, Volume 15, Issue 4, pp 624–636 | Cite as

Relationships Between Soil Microorganisms, Plant Communities, and Soil Characteristics in Chinese Subtropical Forests

  • Yu Ting WuEmail author
  • Jessica Gutknecht
  • Karin Nadrowski
  • Christian Geißler
  • Peter Kühn
  • Thomas Scholten
  • Sabine Both
  • Alexandra Erfmeier
  • Martin Böhnke
  • Helge Bruelheide
  • Tesfaye Wubet
  • François Buscot


We analyzed the influence of above- and belowground factors on the soil microbial community in a Chinese subtropical forest, one of the most diverse biomes in the northern hemisphere. Soil samples were taken at different depths from four replicate comparative study plots in each of three forest age classes (young 10–40 years, medium 40–80 years, old ≥80 years). Microbial biomass and community structure were then determined using phospholipid fatty acid (PLFA) analysis, and basal respiration and microbial biomass carbon (Cmic) were determined by substrate-induced respiration. These data were then related to plant community and soil variables using non-metric multidimensional scaling analysis and post-hoc permutational correlations. We found that microbial lipid composition and abundance were not related to forest age class. Instead, microbial lipid composition and abundance were related to factors reflecting primary production, i.e., percent litter cover, percent dead wood cover, and percent tree layer cover. Specifically, the relative abundance (mol fraction) of indicators for arbuscular mycorrhizal fungi, Gram-positive and Gram-negative bacteria were positively significantly correlated with percent litter cover. We also found that the biomass of all microbial groups and total PLFA were negatively significantly related to percent deadwood cover. In addition, \( {\text{pH}}_{{{\text{H}}_{ 2} {\text{O}}}} \) was the only soil parameter that was correlated significantly to microbial biomass. Our results indicate that overarching ecological factors such as plant productivity and soil pH are important factors influencing the soil microbial community, both in terms of biomass and of community composition in this subtropical ecosystem.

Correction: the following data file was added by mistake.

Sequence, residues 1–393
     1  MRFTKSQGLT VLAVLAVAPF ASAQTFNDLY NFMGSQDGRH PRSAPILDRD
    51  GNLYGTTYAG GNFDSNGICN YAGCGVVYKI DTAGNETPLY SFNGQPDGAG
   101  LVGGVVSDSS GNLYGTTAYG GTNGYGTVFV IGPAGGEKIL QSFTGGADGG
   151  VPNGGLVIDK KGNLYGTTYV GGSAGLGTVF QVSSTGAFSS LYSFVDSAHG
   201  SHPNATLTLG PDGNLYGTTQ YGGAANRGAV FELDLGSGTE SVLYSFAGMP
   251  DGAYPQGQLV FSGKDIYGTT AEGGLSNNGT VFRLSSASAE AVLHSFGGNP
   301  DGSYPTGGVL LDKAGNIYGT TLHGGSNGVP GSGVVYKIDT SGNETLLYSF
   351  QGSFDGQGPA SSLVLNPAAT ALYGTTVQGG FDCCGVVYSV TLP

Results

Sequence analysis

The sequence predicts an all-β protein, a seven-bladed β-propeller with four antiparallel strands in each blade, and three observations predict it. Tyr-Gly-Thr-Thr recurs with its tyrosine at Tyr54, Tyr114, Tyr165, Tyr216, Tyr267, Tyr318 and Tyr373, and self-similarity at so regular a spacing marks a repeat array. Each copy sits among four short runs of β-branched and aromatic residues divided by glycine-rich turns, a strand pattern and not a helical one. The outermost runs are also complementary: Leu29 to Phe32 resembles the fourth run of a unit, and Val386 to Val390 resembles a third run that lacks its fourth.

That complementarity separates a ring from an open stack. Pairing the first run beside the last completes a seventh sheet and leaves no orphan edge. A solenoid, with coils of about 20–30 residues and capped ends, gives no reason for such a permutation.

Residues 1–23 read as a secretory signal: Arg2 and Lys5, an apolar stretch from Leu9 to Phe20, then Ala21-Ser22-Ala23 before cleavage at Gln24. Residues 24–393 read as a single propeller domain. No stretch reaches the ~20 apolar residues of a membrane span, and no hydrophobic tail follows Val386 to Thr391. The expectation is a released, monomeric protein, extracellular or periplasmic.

BEF-China PLFA SIR NMDS analysis subtropical forests microbial biomass 



We are grateful to the staff of the Gutianshan NNR and the students Bo Tong and Bo Yang for their field assistance. We also thank Annette Gurenowitz for the help with lipid analysis and Wenzel Kröber for providing leaf trait data. Funding for the project was mainly received from the German Research Foundation (DFG) (Grant BU 941/12-1 in the Research Unit FOR 891/1) and additionally from the Helmholtz Impulse and Networking Fund through the Helmholtz Interdisciplinary Graduate School for Environmental Research (HIGRADE).

Supplementary material

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Supplementary material 1 (DOC 329 kb)


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Copyright information

© Springer Science+Business Media, LLC 2012

Authors and Affiliations

  • Yu Ting Wu
    • 1
    • 2
    Email author
  • Jessica Gutknecht
    • 1
  • Karin Nadrowski
    • 3
  • Christian Geißler
    • 4
  • Peter Kühn
    • 4
  • Thomas Scholten
    • 4
  • Sabine Both
    • 5
  • Alexandra Erfmeier
    • 5
  • Martin Böhnke
    • 5
  • Helge Bruelheide
    • 5
  • Tesfaye Wubet
    • 1
  • François Buscot
    • 1
    • 2
  1. 1.Department of Soil EcologyUFZ-Helmholtz Centre for Environmental ResearchHalle (Saale)Germany
  2. 2.Group of Terrestrial Ecology, Institute of BiologyUniversity of LeipzigLeipzigGermany
  3. 3.Group of Special Botany and Functional Biodiversity, Institute of BiologyUniversity of LeipzigLeipzigGermany
  4. 4.Department of Physical Geography and Soil ScienceUniversity of TübingenTübingenGermany
  5. 5.Department of Biology and GeobotanyMartin Luther University Halle-WittenbergHalle (Saale)Germany

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